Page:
Hurricane Irene has washed away at least three dozen turtle nests from Georgia's coast.
But the losses are a small portion of a banner year for turtles.
Georgia tracks endangered loggerhead nests on the coast with nightly patrols.
On Friday and Saturday nights, the nest counters noticed lots of erosion and nothing but sand where they previously marked nests with stakes and covers.
Department of Natural Resources biologist Mark Dodd says, the number of sea turtle nests so far this year is about 2,000, a record high and much improved from the 400 nests noted seven years-ago.
"Given the large nesting numbers we had this year, it could have been much worse," Dodd says. "But the storm came late in the season and over 70% of our nests already had hatched out."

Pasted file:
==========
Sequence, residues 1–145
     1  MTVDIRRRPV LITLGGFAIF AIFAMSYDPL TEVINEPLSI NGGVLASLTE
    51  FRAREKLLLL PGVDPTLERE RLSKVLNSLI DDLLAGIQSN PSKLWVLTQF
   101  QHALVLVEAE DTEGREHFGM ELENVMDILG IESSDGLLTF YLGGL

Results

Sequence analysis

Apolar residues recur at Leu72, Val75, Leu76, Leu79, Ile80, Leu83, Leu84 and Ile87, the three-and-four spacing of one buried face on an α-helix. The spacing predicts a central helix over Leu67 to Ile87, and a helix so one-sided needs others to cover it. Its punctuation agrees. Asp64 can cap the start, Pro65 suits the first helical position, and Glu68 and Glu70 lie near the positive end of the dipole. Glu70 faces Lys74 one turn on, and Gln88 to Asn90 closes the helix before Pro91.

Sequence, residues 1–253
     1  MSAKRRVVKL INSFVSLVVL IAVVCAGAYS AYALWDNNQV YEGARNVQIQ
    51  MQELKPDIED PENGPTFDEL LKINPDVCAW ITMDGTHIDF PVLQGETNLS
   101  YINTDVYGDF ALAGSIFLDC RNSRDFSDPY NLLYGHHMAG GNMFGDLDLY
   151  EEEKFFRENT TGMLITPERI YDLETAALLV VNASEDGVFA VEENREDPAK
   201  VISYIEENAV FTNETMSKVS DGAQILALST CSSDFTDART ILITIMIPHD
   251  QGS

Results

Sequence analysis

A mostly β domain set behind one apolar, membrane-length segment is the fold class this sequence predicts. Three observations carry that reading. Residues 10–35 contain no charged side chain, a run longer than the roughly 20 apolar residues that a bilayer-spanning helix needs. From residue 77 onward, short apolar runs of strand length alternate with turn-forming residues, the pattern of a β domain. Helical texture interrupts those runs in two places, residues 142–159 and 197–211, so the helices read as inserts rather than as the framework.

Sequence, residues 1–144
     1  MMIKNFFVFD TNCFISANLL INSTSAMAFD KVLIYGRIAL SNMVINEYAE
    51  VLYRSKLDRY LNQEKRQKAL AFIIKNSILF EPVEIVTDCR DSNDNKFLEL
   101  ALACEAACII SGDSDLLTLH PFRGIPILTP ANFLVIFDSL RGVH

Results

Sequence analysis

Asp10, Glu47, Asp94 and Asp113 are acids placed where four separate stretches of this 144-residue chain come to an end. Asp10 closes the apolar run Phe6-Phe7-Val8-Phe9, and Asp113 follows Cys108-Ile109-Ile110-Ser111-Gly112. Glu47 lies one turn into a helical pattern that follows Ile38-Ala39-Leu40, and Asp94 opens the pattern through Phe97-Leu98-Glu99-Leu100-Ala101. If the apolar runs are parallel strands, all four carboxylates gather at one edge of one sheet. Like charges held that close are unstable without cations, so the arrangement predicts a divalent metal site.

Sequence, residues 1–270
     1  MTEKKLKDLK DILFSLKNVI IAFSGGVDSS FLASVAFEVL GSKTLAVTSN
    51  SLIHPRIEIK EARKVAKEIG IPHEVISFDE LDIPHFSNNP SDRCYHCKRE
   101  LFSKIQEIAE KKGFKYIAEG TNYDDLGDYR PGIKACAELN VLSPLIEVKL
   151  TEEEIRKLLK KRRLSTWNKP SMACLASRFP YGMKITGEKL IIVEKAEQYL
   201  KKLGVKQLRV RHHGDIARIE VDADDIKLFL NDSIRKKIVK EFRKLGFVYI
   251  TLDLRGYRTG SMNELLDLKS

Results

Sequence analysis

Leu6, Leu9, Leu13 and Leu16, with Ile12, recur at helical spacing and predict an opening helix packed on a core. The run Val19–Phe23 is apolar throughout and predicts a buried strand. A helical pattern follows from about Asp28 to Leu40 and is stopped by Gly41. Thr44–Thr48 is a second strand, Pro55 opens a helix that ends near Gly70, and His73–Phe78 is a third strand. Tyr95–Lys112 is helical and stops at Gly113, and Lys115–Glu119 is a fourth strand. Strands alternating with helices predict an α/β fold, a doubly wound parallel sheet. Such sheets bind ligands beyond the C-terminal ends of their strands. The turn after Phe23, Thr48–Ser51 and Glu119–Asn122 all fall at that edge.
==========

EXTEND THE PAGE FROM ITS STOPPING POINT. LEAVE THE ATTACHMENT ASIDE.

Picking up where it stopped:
The nesting season is wrapping up with hatchlings expected into early October.
"We've lost approximately 35-40 nests," Dood says. "It might be as many as twice that when the final numbers come in. But in terms of the total nesting for the season, it's a relatively small proportion."
Barrier islands lost several feet of beach because of the high surf from Hurricane Irene.